Shadow and Bone
I must say I haven’t seen such a ridiculous book in a long while.
The book is praised for “authenticity” and “originality”. It so happens that there’s nothing authentic or original in this book. Leigh Bardugo’s understanding of Russian culture fluctuates around zero. Her sources, by her own admission, are a few books by western authors. Yet she’s not ashamed to count reading them as “research”. She’s not ashamed to sift through our images, symbols, and language and appropriate them to brighten up a generic fantasy setup and mediocre writing style.
There’s not a single concept, not a single detail pulled from Russian culture that retained its original meaning and value.
Grisha is a name for a boy or a pet, not for an army of magically gifted people. Starkov is not a last name for a girl. Morozova is not a last name for a guy. Malyen is not a name at all. Bardugo seems to have no clue about gender inflections, nor does she seem to understand how Russian names work in general. Or care.
Odinakovost’ doesn’t mean “thisness”. Otkazat’sya doesn’t mean ‘the abandoned’. Malenchki, Ravka, Poliznaya, Os Alta, Keramzin, Corporalki, etovost, volcra, kefta, tsifil, kutya, “moi soverenyi”, Sankt’ya don’t mean anything. “Sankt Petyr of Brevno” makes me facepalm. Really hard. Oprichniki existed in a very specific historical context connected to the reforms of Ivan the Terrible, and the name itself doesn’t mean what Bardugo thinks it means. A troika cannot be pulled by three black horses. It means “three horses”. Which Bardugo didn’t bother to find out. In Bardugo’s narrative all these words are just empty sounds thrown together, because they look cute and exotic, nothing more.
The characters pour tea from samovars, play balalaika, go to “the banya”, watch ballet, and wear fur hats and coats. Can you go more stereotypical than that? Especially given the fact that none of the real Russian traditions and beliefs were mentioned. Yet, you can see kvas on every other page. Bardugo apparently thinks that kvas is a hard liquor drink. Incidentally, it’s sold in every major American city. The price of research would’ve been $1.99 per 2-liter bottle. I know, too expensive to bother.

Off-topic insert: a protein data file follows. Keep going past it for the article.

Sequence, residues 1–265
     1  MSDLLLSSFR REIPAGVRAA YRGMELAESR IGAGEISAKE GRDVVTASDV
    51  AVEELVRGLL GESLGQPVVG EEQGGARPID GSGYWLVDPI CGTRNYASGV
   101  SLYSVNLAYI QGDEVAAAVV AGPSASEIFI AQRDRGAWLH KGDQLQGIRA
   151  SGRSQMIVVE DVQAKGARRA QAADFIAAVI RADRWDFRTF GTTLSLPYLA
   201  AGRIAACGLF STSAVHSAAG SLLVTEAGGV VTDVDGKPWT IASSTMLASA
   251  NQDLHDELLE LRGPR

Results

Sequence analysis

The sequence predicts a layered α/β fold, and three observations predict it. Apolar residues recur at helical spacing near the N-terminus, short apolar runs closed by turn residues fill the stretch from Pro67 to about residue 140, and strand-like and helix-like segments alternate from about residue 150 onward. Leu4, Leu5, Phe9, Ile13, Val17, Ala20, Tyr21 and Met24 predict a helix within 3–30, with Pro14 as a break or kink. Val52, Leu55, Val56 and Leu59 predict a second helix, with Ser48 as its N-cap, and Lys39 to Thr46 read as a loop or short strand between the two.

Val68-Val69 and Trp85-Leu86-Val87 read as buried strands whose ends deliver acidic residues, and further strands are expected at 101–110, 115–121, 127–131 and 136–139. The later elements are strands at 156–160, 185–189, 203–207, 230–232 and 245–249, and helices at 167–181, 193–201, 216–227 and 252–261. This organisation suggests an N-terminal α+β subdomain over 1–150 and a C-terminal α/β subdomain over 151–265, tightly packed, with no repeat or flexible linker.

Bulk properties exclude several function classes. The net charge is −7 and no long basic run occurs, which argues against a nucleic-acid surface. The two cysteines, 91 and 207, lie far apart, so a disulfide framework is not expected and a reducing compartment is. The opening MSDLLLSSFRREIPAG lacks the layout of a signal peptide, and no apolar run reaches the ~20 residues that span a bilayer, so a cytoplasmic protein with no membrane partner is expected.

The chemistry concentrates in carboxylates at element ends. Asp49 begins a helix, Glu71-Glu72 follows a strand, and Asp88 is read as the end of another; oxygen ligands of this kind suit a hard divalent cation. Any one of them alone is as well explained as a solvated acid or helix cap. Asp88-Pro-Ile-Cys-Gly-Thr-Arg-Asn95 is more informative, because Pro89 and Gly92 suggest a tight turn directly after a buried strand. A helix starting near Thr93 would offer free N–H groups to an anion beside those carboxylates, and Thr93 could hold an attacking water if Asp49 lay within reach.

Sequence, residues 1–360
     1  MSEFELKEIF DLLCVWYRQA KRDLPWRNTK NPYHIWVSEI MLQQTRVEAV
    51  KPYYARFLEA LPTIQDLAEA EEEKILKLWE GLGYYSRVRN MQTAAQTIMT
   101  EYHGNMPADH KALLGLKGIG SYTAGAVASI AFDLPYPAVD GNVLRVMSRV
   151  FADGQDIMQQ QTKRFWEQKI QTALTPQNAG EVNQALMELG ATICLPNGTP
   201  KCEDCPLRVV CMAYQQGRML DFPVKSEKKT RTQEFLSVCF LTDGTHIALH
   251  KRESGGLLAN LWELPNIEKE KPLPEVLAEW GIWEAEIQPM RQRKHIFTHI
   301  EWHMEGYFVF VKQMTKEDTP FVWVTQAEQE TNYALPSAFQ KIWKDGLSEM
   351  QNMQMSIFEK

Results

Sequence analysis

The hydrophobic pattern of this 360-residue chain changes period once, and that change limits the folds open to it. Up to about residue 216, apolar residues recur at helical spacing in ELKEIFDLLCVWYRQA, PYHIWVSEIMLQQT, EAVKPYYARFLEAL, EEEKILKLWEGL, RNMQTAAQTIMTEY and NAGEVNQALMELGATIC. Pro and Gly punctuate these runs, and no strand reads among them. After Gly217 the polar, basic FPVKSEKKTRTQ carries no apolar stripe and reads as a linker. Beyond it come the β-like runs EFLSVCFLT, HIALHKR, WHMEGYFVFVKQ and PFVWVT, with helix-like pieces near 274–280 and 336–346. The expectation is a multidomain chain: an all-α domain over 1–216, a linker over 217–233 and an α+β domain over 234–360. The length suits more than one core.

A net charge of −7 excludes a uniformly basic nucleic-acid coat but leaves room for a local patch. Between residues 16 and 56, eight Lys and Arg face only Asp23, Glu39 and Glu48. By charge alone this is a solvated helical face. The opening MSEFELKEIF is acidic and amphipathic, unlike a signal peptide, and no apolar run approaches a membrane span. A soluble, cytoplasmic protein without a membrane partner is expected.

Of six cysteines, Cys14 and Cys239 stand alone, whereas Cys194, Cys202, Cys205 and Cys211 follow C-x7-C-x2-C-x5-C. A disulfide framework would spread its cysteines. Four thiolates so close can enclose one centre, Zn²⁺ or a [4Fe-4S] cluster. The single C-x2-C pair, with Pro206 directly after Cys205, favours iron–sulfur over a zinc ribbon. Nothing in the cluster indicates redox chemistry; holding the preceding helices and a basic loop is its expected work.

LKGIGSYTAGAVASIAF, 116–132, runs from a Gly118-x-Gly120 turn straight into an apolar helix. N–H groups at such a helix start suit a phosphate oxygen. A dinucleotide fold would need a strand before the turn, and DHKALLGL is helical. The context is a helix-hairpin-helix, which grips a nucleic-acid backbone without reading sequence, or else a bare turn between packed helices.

I could go on forever. Why should I care?
It’s very simple. Taking cultural elements out of context and discarding the context as irrelevant is not how you express your love and respect for that culture. It’s how you promote existing stereotypes and perpetuate ignorance. It’s cultural appropriation.
Russian culture is not a free clip art gallery for ignorant writers with zero imagination, zero awareness, and zero common decency. It’s not a convenient repository of shiny exotic artefacts for everyone to steal from. The fact that Bardugo dares to present herself as a friend, doesn’t help matters.
Why should you care?
If the first reason not good enough (and you’re ok with offending people in general), consider the fact that the general public is unable to recognize whether the context presented is accurate or not. Under these circumstances, knowingly passing fake interpretations is misleading at the very least. Honestly, you’d end up being a better educated consumer when you buy a fake Rolex. At least you’d know that your Rolex is fake.
If you’re interested in Russian culture, read the books by Russian authors.
As simple as that.